He took us both up and we prepared for the decent down to the chimney before the Eastern Traverse. I abseiled cagily down to find a landing spot immediately above the hole leading into the chimney. Eric arrived and looked down. “That looks soakin!” he said. And indeed he was right. And slimy!

Eric abbed down and checked that the rope would still run free. It did, and Kenny and I followed him. We skirted the Eastern Traverse and began a more straightforward descent down the little tower. It was certainly drier now and with the main difficulties over, we were all feeling a bit more relaxed as we were almost onto walking ground. Still, concentration had to be maintained, we were well aware of that. We made our way down to the right just before the Douglas Boulder and onto the scree which would bring us round and out at the CIC. It was at this point we were reminded of how costly fatigue and lack of concentration can be. Whilst crossing a steep scree slope, Kenny managed to dislodge some scree which was supporting a huge boulder immediately above him. The boulder – easily a couple of tonnes in weight – started sliding slowly towards him. Kenny desperately put both hands on the boulder and together they started sliding down the scree slope, Kenny below the huge rock, feet sliding down through the scree. He disappeared from our sight. Fortunately, he and the boulder both came to a halt at the same moment. A lucky escape. had he stopped sliding before the boulder, the consequences didn’t bear thinking about.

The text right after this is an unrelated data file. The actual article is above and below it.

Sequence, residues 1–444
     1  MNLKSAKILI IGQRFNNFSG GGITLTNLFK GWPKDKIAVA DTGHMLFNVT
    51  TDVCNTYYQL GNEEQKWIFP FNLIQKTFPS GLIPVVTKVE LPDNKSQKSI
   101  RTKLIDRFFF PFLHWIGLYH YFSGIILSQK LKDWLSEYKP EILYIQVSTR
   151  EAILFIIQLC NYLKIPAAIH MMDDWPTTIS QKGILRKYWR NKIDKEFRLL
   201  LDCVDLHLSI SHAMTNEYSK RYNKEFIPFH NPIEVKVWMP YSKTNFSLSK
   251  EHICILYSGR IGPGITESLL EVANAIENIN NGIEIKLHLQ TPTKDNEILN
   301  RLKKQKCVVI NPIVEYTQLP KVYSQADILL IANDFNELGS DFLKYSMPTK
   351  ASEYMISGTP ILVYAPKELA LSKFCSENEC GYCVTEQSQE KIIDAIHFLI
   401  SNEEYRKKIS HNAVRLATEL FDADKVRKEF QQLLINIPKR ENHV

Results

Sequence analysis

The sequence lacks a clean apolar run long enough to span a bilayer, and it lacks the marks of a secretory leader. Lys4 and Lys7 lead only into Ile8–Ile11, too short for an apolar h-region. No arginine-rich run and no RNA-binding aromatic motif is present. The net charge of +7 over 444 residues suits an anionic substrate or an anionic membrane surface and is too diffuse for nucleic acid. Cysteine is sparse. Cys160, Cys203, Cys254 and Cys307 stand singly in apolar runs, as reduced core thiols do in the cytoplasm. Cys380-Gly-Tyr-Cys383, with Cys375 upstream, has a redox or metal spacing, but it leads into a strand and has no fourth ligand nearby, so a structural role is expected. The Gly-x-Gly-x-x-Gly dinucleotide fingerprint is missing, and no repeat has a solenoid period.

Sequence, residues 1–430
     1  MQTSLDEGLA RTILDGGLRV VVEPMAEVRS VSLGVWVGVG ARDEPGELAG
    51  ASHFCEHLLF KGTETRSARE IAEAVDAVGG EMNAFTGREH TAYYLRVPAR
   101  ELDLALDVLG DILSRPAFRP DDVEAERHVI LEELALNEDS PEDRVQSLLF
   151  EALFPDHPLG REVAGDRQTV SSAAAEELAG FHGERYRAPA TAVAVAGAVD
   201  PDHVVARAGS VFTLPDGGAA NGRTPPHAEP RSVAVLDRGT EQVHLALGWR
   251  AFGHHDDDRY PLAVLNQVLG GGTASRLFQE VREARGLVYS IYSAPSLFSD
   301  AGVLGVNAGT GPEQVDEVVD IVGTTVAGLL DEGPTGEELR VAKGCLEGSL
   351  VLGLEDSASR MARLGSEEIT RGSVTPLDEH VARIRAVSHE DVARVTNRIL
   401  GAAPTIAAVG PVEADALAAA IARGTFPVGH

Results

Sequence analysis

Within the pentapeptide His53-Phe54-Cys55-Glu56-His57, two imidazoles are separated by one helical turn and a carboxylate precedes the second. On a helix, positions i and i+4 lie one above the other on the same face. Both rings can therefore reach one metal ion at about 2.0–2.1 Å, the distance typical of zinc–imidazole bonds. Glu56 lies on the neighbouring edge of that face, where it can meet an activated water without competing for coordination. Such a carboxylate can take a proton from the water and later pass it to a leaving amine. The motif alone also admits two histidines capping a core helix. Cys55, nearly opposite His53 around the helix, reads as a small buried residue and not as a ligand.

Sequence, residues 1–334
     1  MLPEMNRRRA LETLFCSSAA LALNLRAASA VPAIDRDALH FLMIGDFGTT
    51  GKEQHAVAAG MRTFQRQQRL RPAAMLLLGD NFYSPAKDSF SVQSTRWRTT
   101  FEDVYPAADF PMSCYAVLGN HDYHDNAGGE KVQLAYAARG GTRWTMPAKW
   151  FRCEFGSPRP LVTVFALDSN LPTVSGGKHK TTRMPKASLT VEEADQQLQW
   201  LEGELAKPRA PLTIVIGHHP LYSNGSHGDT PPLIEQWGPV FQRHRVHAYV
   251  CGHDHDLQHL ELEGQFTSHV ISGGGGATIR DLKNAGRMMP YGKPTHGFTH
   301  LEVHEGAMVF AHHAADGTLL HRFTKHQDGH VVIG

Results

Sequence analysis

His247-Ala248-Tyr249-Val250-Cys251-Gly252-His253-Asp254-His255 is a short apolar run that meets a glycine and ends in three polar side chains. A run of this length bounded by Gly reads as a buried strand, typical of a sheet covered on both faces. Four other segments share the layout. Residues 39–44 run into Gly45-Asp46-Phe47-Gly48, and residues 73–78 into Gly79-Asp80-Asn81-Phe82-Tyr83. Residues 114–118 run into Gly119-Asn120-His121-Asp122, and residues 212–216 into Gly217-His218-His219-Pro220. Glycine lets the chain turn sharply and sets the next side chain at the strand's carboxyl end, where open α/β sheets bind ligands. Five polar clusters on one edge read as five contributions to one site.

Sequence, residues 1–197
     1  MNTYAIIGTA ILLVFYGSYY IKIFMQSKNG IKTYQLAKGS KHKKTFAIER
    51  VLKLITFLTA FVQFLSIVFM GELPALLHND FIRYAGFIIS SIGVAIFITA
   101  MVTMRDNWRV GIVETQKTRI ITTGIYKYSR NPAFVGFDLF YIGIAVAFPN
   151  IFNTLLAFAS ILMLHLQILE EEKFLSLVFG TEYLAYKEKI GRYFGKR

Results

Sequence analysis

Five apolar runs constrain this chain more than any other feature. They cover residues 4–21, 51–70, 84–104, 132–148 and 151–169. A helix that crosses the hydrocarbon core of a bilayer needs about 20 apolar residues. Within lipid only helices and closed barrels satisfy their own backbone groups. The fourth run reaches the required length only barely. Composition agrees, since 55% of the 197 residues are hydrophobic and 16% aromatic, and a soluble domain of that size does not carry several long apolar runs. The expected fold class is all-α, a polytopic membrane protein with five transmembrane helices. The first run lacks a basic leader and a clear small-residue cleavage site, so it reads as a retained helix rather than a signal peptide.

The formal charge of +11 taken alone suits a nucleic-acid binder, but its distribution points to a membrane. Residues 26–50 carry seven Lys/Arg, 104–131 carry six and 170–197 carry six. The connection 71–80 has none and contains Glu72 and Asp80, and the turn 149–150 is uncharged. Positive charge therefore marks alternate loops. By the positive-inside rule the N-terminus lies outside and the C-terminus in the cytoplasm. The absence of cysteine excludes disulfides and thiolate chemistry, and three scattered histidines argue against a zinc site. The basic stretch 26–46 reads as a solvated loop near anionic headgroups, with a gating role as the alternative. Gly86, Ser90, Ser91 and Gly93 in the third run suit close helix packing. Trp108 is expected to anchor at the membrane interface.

We made our way down to the CIC and on towards the car at the North Face Car Park.

We had completed the first leg. We arrived at the North Face Car park at 17.30pm. It had taken us 10 hours and 30 minutes.